Sunday, November 11, 2007

street fiction

I have no visuals to share yet, unfortunately. But I did write a dime novel about my unaccepted street.

This is a story about dollars, water, and chicken poo.

Our exploration of the city was an attempt to unravel its tangled freeway fibers, to find a mythical songline through the "vacant and forgotten" industrial landscapes. Vacant on paper often belies a complexity on the ground. We collected rugged specimens of weeds as evidence of survival in a free-for-all landscape. We collected the traces of human habitation--trash--and attempted to record these ephemeral markers as caerns or guides through the landscape. We then proceeded to measure the forgotten: the moisture of weeds growing from a crack in the sidewalk, and the sound of rainwater gushing out of downpipes onto asphalt. The city groans a tireless, toneless white noise mumble in response. Cars slide past the unaccepted street on an interstate lightning-bolt. The sun evaporates what rain is left in the puddles, and the Bay sucks in whatever we spit at it.

Diagnosis: the city suffers from anterograde amnesia, the inability to store short-term memory. We forget our rain because we seek only the facility of its removal, to quicken its path to the Bay without destroying our ability to continue to flush the streets of the unwanted. We forget our rubbish because it goes away once a week to a magical place where we don't have to think about it. It is more useless to us than rainwater, though not by much. We also forget about our working-class: many have jobs in the city, but how many minimum-wage workers can afford a decent place to live? Each night there occurs an exodus of people who might prefer to live closer to their work. But the city forgets about them, too. Out out, it seems to say to all these things.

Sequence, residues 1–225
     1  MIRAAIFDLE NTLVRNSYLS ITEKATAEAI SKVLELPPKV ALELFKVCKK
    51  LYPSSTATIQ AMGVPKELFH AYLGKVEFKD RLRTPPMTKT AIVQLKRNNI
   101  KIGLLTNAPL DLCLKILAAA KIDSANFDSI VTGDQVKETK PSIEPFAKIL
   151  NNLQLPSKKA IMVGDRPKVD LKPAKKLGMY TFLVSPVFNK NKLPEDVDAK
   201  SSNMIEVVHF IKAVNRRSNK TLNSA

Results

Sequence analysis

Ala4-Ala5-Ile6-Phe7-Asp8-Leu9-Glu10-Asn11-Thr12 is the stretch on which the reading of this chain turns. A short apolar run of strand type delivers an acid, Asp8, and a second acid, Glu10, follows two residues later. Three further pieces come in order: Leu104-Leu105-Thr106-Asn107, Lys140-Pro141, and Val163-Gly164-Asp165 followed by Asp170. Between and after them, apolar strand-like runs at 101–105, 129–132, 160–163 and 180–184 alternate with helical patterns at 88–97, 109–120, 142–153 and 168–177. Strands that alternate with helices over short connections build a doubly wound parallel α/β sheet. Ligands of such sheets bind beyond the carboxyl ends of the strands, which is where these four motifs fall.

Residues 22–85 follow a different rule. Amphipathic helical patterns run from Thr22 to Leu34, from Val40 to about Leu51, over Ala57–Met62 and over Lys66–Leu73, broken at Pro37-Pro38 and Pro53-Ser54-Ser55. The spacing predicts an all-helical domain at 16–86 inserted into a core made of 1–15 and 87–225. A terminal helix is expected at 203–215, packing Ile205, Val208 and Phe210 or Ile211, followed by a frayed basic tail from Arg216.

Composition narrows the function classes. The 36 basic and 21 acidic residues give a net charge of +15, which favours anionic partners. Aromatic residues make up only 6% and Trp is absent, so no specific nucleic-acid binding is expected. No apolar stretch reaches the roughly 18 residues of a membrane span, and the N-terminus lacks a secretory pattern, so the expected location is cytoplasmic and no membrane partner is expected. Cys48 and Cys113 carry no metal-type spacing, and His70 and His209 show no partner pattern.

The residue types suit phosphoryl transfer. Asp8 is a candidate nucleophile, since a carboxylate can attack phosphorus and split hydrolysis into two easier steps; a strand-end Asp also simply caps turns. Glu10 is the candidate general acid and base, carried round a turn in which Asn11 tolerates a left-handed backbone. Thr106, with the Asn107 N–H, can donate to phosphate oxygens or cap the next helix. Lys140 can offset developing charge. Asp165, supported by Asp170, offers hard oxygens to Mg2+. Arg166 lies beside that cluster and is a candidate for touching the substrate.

What might be the spatial consequences if we localize these memory slips? 1. Hold on to that rainwater 2. Use some of that rubbish 3. Provide affordable housing

Prescription: Chicken-City. It is a Walking City, though walking in the inverse direction than as Archigram envisioned it. It crawls in from the country-side to gobble up the wastes of our city and show us how to do things right. We take what is free: the unaccepted street space not interfering with the function of the street, the rainwater that is dumped on the street, and compost and
other wastes.

Where there is a room to rent, there flows people. Where there is a cheap room to rent, there flows students, artists, and the working class. Where people flow, water must also flow.

Where rubbish is abundant, especially delicious rubbish, you may find creatures. We want useful creatures. Chickens will eat the organic waste and give back to the city some chicken shit and some eggs. The city will say, thank you for the eggs but why are you giving me more shit? But this waste is useful--it can decompose along with other organic wastes and provide a constant, reliable source of heat. That heat could provide hot water for all those people looking for a cheap room to rent.

Is the story now over, all is told? Is the existence of Chicken-City a parasite on the city's memory, forcing it to remember not to flush but to be anal retentive, but in a good way? Heroic architecture or bust...

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